Julian White, from Hike Norfolk, led a walk around Dereham on Sunday which was attended by fifteen walkers. The interesting walk went past Borrow Hall, the former Jolly Farmers pub, Bishop Bonner’s Cottage and St. Nicholas Church.
The walk was interesting and varied, but there was a fallen tree near to the Mattishall Road. The tree blocked the footpath, requiring a small jump to get past. In the above photo is Clive Manwaring showing how to do it 🙂
Ken Hawkins, who had initially been behind the creation of the walks, is the Dereham Footpath Warden and Norfolk Ramblers Area Secretary and on hearing about the obstacle he promptly went to ensure that it was removed for anyone else wanting to walk the path. Thanks to Ken for such a fast response!
Above is a photo of Hike Norfolk after the walk, which can be found at:
At the end of October 2016, Norfolk County Council is holding its second Walking Festival which now also includes cycling. The full event runs from 22 to 30 October, and incorporates the ‘official’ opening of the second Norfolk stretch of the England Coast Path (Hopton on Sea to Sea Palling) on Monday 24 October. The Ramblers has, via Peter James, entered a walk along this stretch in two parts, on Sundays 23 and 30 October. Our member Ken Hawkins has also entered walks for Dereham Walkers are Welcome on 23, 26 and 28 October.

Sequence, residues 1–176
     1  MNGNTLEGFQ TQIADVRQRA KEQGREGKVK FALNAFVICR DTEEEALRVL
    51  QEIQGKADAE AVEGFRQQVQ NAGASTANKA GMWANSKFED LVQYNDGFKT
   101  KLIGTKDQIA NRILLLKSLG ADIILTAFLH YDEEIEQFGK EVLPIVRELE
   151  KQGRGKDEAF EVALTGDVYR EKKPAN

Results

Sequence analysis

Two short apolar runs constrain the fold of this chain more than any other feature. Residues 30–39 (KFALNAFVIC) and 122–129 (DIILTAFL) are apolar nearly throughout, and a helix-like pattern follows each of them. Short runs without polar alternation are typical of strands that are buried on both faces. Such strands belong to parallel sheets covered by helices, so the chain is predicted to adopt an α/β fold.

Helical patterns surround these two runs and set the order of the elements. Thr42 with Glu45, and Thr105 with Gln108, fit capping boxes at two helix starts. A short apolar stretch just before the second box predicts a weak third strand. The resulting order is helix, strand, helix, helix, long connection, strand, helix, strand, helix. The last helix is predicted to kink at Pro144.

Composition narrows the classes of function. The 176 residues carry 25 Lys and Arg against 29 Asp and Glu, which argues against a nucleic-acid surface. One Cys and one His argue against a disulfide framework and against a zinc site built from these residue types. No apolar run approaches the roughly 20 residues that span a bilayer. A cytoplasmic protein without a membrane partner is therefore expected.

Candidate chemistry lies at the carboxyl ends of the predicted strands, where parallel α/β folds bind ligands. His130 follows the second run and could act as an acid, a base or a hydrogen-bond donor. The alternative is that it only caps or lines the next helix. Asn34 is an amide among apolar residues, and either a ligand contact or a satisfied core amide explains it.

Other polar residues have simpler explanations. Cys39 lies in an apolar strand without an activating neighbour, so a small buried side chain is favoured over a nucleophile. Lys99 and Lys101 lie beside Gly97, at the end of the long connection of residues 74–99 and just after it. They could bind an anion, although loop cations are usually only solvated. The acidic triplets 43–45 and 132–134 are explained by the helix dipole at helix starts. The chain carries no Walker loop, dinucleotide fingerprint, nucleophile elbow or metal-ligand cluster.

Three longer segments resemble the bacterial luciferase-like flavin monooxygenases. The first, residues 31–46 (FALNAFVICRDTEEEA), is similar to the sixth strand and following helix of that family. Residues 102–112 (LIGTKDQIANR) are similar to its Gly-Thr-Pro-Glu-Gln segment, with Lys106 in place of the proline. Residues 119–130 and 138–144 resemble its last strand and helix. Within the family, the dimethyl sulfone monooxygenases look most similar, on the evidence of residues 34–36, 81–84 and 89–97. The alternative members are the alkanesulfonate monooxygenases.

Booking for all of the walks in the Festival is through the Festival website at http://www.norfolkwalkingfestival.co.uk/, and there are also good links from the Norfolk County Council home page https://www.norfolk.gov.uk/.
A member of Norfolk Ramblers has been instrumental in helping Dereham become the fourth Norfolk town to gain the coveted “Walkers are Welcome” status. This is an award from the national body which is given to locations which are attractive destinations for walkers with high quality information about the local walks.
The planning for the application started when Ken Hawkins, the area secretary for Norfolk Ramblers and the footpath warden for Dereham Town Council, was able to lead an application to secure funding from Breckland District Council to produce 3,000 copies of a Dereham Walks pack. There were two guided walks for members of the public arranged to show local residents what was available just a short distance away.
It wasn’t just Ken’s hard work which has been important in seeing this endorsement as others including Tim Birt, Neil Cliff, Kate Millbank, Dorothy Sneesby, Martin Sneesby, Sue Rothwell and Jean Stratford all played their parts in driving the process forward. They helped to ensure that sufficient public support was demonstrated as 5% of the town needed to get behind the project, which was 900 Dereham residents. Over 950 signatures were achieved thanks to the committee members and other local institutions.
Richard May, the area chairman of Norfolk Ramblers, said:
“This is great news for walkers living in Dereham and another good reason for visitors to come to the town: we’re all proud of the work that Ken and others have put in to not only getting this proposal off the ground, but also by engaging with local residents.”